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Why you’ll probably fail your New Year’s resolution

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The most common New Year’s resolutions deal with health & fitness, money, career, relationships, and travel.

Sorry to be blunt, but if you’re not making steady progress at your top resolution right now — September 6th — you haven’t set up systems to maintain ongoing accountability, and chances are you’ll fail again in January.

On the other hand, if you’re systematically working towards a specific goal you set, the world is your oyster. What’s the next challenge I can set for myself? How can I top myself last time? Bring it on. These are the phrases of top performers I know.

The time to think about resolutions is not January 1st. It’s in the middle of the year, when nobody else is thinking about them.

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50 Comments

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  1. You sound a lot like Seth Godin in this one. But I really like it!

  2. The main reason, I think, people fail at achieving their new year resolutions are because they underestimate how hard to achieve them throughout the year. They set the goals – thinking it’s pretty doable, but then in the midst of all other things going on in their lives, they don’t put continuous efforts to take a step forward and make that thing happen real. Losing 10 lbs sounds great and doable, but can you consistently workout throughout year and really lose it? Only you can tell…

    • I think Ramit referred to this once as “sustainable change” I use that phrase all the time now. One way to increase your chances of sticking to your gym going schedule is to grab a workout partner or what I might call an accountability partner. Sometimes just telling someone, or just having someone to hold you accountable is an extremely large predictor of success.

  3. Y’know what’s interesting is that I always think of my Labor’s Day resolutions right around New Year’s.

  4. Stickypurplecat Link to this comment

    It’s funny, I had actually stopped making resolutions every year because inevitably they’d be unreasonable to start with. I’d have trouble making plans to get started (instead of just diving in), then I’d feel guilty about procrastinating for a few months until I finally pushed it out of my mind completely. I spent the last half of 2009 getting my financial affairs in order with the help of IWTYTBR, and between the money I freed up by revamping my budget (I didn’t really have any debt to speak of) and the increased income from using Ramit & Co.’s negotiation tips I had plenty of money this year to spend on the first resolution I’ve made in years. I’m studying a language of my choice, on my time, and have been making great progress so far. It feels great, and that feeling motivates me to keep working towards optimizing all aspects of my life until my friends and coworkers spontaneously combust with jealous rage.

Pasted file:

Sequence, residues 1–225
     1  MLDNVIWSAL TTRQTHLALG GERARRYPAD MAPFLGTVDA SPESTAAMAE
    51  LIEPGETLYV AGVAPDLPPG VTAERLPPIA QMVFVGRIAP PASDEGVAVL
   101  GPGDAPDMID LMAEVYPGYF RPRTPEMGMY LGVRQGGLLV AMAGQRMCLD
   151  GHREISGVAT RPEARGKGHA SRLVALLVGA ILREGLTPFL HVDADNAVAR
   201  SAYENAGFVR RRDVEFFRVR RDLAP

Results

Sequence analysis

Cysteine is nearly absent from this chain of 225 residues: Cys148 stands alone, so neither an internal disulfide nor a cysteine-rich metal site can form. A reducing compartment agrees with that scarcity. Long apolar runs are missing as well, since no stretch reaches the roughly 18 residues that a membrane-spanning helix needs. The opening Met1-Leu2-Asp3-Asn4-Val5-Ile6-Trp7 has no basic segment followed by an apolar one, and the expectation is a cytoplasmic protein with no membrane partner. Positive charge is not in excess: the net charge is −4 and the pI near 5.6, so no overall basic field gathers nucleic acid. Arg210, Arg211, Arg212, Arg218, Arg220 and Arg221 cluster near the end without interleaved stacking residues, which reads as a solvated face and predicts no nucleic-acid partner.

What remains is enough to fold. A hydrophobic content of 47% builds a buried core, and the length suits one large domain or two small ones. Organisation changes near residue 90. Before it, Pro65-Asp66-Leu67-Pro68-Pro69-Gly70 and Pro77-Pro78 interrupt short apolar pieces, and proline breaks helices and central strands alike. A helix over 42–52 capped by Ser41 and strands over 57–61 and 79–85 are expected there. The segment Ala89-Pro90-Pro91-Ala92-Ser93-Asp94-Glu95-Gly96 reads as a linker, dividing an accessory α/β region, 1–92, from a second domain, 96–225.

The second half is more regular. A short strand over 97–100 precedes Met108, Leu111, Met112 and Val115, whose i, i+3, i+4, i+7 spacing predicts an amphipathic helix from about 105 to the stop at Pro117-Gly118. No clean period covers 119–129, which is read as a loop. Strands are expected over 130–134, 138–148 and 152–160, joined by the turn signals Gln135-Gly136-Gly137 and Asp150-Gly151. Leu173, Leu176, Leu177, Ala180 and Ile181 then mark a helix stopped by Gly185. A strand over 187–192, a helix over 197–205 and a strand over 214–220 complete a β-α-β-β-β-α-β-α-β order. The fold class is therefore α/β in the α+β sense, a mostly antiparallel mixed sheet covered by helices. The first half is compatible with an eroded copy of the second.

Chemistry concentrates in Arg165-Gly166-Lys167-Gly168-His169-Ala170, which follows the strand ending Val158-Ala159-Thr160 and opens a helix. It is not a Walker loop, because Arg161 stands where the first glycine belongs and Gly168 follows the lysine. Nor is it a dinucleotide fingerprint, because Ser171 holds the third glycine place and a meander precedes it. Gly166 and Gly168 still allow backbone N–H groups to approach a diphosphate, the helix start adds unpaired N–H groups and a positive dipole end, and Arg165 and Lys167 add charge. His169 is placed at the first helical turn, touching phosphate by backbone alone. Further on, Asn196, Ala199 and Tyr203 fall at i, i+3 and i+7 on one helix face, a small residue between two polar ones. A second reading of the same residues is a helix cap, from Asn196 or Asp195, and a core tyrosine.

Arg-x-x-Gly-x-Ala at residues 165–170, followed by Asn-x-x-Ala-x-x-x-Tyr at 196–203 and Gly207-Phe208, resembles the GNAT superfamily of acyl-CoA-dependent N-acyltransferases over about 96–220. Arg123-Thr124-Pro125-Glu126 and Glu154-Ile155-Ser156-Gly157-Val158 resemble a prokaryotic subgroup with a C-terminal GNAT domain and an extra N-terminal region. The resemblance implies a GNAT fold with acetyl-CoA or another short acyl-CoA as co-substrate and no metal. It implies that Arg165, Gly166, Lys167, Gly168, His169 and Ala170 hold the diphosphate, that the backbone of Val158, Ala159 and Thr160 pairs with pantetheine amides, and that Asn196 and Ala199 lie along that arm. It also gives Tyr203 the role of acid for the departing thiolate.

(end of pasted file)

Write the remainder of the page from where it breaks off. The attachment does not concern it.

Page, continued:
5. Thanks Ramit. This advice is a far cry from my typical New Year’s goal setting method, which goes like this: spit out a goal when asked at the New Year’s party. No wonder they always fail.

  6. It amazes me that people set their goals in January and then never look back at them. I remember thinking exactly what you are talking about in this post in March so I wrote about it saying that we’re already 1/3 done with 2010. One of the most useful things I learned about goals from another blogger when I asked him about growing was this simple idea “focus on what you can do today.” So, I’ve set many goals, but I look at everything that I can do today to make progress to that goal and that’s made a huge difference in accomplishing some of the things I’ve wanted to get done this year.

  7. Most people fail their New Year resolutions because they think that they need a huge amount of willpower in order to achieve them. I used to think that too. But setting good habits is much more effective. You should not have to think about going to the gym each week, just do it every Tuesday at 8 pm. Once it becomes a routine, you are set.

    • I tell people all the time, you don’t need a workout program or a diet, you need a habit. That’s a good point Thea b/c inevitably will power fails us.

  8. […] other bloggers are setting people up for failure this Labor Day, I hope that I can set up people for […]

  9. I totally agree with you! I wrote something similar regarding health and fitness telling people the need to cancel their new years resolution and make right now resolutions. http://nintemanfitness.com/cancel-your-new-years-resolution/

  10. I’ve always been horrible at resolutions. The one thing I really, really want to do is make webcomics. I’ve failed horribly in the past…for three years all I managed to do on my comic was two pages (and four site redesigns…but that’s another story).

    This year I decided to try something different, I made a resolution on the first of January to do one drawing everyday, not matter how stupid or complex or boring or whatever. Just DO it.

    I’m now on drawing #250. I’ve finally got into the habit of getting things done. Hopefully next year I’ll be able to take all that momentum and get my comic done.

    • I agree with Ramit, Sandra and the rest of y’all that have been using small milestones as a way of reaching greater goals. I found that it has helped me work up to different and more complicated goals. A small goal of mine this year was to start a blog that connects to my love of finding visually stimulating things on the web to share. It was a fun idea that has helped me achieve my more complicated resolutions. I just added Sandra’s drawing site to my blog. Awesome work Sandra!

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